By Jupiter Kaishu Huang
During a moment of heightened nuclear danger, states-parties to the nuclear Nonproliferation Treaty (NPT) are gearing up for the first of three preparatory committee meetings ahead of the 2026 NPT Review Conference.
Preparatory committees engage in procedural work; “consider principles, objectives, and ways” to promote the full implementation of the NPT; and forward recommendations to the review conference.
This year’s meetings will be held July 31-Aug. 11 in Vienna. Jarmo Viinanen, the Finnish ambassador for arms control, has been appointed the preparatory committee’s chair-designate.
The last NPT review conference, in 2022, marked the second consecutive meeting to fail at reaching an outcome document. (See ACT, September 2022; June 2015.) Russia broke the consensus in the final hours of the conference by demanding changes to several paragraphs of negotiated language. Among Russia’s objections was a statement stressing that control of the Zaporizhzhia Nuclear Power Plant should return to Ukraine.
The recent destruction of the Kakhovka Dam has further increased anxiety over a nuclear accident in Ukraine. The dam’s collapse has led to a severe drop in the water levels of the Kakhovka reservoir, which supplies water to the Zaporizhzhia plant’s cooling pond. Rafael Mariano Grossi, director-general of the International Atomic Energy Agency, stated on June 8 that there was no immediate danger but “the general nuclear safety and security situation remains very precarious.”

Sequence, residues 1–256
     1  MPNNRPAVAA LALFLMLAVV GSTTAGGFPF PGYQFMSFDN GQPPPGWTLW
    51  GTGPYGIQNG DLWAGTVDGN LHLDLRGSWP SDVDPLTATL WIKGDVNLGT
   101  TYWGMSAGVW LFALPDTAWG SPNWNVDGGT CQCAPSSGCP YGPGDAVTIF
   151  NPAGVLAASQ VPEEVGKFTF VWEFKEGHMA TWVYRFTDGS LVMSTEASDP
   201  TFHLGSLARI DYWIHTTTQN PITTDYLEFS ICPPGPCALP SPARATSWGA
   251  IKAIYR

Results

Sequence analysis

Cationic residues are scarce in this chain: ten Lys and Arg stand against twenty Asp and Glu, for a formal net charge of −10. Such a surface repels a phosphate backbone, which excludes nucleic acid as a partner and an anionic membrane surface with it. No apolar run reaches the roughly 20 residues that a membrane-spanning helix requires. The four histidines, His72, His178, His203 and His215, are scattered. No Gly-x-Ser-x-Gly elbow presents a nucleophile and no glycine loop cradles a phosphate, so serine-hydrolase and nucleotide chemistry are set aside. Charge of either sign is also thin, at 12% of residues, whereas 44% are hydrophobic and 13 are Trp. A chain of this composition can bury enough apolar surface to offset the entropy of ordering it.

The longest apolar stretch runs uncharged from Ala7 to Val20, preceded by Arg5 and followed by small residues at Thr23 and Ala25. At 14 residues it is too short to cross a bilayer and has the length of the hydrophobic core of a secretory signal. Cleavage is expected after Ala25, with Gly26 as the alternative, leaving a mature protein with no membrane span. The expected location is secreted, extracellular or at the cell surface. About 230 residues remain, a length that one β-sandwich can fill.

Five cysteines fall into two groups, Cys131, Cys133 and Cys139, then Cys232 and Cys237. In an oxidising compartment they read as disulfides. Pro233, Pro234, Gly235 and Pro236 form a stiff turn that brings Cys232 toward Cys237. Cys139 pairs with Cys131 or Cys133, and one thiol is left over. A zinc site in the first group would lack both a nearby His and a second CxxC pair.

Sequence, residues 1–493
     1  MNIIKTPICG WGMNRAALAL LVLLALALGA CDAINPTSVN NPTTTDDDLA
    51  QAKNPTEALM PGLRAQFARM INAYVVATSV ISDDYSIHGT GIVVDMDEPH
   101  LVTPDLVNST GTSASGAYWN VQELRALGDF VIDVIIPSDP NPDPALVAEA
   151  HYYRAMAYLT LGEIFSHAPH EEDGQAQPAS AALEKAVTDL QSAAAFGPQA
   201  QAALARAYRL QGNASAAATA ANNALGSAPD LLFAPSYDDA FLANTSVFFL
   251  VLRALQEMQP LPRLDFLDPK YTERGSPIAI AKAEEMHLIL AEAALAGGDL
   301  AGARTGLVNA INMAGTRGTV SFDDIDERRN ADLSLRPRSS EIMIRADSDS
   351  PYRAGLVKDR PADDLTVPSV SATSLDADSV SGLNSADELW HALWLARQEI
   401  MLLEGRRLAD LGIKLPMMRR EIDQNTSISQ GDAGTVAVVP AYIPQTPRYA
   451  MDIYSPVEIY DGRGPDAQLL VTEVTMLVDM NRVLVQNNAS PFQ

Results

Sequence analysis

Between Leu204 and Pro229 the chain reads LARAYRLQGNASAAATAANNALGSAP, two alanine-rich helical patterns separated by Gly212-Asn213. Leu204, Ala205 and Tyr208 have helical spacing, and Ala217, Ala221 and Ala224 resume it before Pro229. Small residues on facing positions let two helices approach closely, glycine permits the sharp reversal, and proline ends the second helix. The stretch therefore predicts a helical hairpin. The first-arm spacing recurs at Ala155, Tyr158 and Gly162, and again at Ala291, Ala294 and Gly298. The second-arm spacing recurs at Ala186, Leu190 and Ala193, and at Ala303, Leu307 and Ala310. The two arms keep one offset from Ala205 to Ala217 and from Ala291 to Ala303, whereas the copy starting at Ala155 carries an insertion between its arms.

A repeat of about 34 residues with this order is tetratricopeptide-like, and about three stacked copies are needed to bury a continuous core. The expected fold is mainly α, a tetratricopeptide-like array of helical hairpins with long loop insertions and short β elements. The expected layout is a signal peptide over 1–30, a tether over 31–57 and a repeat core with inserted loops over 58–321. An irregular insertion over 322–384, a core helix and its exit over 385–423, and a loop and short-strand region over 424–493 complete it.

Despite the lack of an agreed outcome, the 2022 review conference did establish a working group on strengthening the review process. (See ACT, October 2022.) It will convene on July 24-28 in Vienna, immediately preceding the preparatory committee.
States-parties at the working group will discuss adjustments to the review cycle, such as an increase in interactivity in debate, greater agenda flexibility, a change in the length of committee meetings, and a shift to a more regional approach.
“The failure of several review conferences…to reach a consensus has been primarily the result of major differences among the states-parties rather than the fault of the structure and operation of the review process,” Gaukhar Mukhatzhar and Thomas Markram, senior experts at the Vienna Center for Disarmament and Non-proliferation, wrote in May 2023. “However, states-parties have also acknowledged that the preparatory cycle could be made more effective.”